A study by McKinsey & Company showed that 49% of the working hours in Hungary can be automated with the already existing technologies. This does not necessarily mean that these jobs will be lost forever, but they are going to be transformed.
Zuzana Čaputová, the Vice Chairman of Progresivne Slovensko, a Slovak liberal party, is very likely to become the first female president in the history of the country. Her success is one of many signs that liberals in Slovakia are growing stronger again.
The conflict of interest of individual parties in Hungary proved to be the opposition’s great weakness, the 2018 election results illustrate this perfectly: The national electoral system was shaped by the 2010 Fidesz government to favor large parties, including winner compensation and different types of gerrymandering.
Czech Prime Minister Andrej Babiš has returned from his three-day visit to the USA. Given the similarities between the Czech and American leaders, the negotiations went, allegedly, better than well. As Babiš is often nicknamed “the Czech Trump”, it is actually surprising that the visit did not happen sooner.
Estonia has stood up to its reputation of the liberal Musterland in the region. The opposition center-right Reform Party secured a convincing victory over the currently governing center-left Center Party.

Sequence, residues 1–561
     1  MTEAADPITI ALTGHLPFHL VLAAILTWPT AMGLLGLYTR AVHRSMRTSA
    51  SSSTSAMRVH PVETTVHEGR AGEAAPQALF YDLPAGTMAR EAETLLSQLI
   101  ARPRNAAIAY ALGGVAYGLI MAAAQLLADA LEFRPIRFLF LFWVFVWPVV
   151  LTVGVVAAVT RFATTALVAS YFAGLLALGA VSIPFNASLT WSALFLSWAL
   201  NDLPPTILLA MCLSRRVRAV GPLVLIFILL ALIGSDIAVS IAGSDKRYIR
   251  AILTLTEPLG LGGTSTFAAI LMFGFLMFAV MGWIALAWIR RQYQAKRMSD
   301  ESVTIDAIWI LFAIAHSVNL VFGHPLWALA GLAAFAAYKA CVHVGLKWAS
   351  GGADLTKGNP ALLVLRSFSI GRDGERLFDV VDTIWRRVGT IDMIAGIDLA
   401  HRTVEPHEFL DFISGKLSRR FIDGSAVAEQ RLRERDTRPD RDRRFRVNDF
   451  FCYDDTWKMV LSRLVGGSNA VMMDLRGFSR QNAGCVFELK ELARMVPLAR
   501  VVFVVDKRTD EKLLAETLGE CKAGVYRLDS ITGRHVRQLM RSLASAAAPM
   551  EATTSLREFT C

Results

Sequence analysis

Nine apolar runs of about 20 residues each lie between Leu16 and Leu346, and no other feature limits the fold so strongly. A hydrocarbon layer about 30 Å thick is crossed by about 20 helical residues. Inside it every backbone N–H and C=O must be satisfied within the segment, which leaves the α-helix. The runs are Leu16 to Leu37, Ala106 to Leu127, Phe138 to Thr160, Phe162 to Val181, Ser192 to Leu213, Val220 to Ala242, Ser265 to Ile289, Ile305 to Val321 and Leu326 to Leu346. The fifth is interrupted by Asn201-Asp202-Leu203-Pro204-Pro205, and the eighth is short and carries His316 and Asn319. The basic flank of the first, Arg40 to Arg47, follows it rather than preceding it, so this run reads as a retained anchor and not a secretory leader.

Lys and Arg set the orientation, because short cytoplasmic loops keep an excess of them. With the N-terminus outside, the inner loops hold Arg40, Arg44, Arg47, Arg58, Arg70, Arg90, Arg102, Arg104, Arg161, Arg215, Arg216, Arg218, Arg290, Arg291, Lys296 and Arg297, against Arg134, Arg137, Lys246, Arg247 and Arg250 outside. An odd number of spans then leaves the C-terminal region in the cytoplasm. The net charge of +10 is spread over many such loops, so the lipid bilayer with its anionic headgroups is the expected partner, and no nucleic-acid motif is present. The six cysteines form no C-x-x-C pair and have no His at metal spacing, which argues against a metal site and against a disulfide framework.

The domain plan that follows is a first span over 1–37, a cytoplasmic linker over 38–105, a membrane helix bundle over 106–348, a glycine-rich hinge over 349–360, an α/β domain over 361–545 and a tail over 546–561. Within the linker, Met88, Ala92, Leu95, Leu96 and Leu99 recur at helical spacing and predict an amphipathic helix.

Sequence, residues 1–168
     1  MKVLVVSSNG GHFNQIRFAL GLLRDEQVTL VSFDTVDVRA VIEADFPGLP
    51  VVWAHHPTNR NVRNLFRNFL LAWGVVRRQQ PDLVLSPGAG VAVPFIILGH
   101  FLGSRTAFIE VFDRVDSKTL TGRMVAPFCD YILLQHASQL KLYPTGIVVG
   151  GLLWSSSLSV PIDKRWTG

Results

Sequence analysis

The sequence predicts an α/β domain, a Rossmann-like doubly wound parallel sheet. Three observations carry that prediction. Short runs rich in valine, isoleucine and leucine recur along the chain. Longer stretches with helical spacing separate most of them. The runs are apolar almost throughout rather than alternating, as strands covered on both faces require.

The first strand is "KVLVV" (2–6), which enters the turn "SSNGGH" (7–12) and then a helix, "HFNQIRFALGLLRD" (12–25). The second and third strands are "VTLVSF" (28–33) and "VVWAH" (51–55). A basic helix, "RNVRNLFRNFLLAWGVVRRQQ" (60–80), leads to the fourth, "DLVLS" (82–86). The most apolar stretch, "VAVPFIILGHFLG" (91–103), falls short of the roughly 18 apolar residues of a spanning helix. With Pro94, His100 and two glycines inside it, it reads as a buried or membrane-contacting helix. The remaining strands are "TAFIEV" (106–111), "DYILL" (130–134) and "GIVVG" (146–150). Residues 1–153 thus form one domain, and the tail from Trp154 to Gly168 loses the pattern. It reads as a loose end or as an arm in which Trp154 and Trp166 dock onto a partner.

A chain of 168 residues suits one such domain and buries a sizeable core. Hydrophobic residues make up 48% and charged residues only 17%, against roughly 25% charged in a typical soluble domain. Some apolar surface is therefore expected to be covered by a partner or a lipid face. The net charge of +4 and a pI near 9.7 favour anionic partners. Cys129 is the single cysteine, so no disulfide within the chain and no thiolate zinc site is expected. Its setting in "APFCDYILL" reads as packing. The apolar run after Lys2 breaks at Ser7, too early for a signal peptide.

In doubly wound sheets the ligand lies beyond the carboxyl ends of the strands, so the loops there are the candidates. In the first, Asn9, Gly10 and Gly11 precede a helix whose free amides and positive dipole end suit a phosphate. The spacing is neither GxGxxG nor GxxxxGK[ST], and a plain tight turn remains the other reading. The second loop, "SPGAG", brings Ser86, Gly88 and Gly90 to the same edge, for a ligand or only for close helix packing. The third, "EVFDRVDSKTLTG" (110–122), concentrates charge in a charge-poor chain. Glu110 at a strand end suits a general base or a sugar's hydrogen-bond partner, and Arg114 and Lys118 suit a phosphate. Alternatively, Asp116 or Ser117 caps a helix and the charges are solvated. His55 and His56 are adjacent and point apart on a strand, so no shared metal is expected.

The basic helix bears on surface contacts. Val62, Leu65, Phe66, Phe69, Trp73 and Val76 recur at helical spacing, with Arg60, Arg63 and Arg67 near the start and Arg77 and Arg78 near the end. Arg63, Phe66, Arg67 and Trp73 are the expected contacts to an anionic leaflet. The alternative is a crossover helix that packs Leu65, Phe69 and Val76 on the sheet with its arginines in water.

713 articles shared on Facebook sites belonging to government-controlled media outlets and pro-Kremlin outlets indicate that the governing party’s EP campaign messages mainly attack the EU elite and the bloc’s institutional system through the dissemination of manipulative information concerning migration.
Warsaw – a modern, fast growing city, has been the host of the recent Middle East Summit. Was Poland the right place for such an event? What are the consequences of what transpired on February 13-14 in the capital?
The public image of political mastermind Jarosław Kaczyński and his successful and expansive Law and Justice party was shattered by a series of articles published by the Gazeta Wyborcza daily starting on January 29. The image of Jarosław Kaczyński, who once famously said that “you don’t go into politics for money”, was built around a tale of modesty, honesty, lack of bank account, and too big suits he wore. His official property declaration for 2017 showed…
It is worth to evaluate the Robert Biedron’s Spring party in a more objective manner, in an attempt to understand its potential consequences for a broader political context in Poland. Is it feasible that the new party would contribute to implementing a more liberal platform in the country?
We are on the brink of a very busy political season in Poland. The year 2018 might have been a prelude to the election year, but the times of decision making are still ahead. The decisions that will have an impact on not merely one electoral term but the consequences of which will last a decade to come.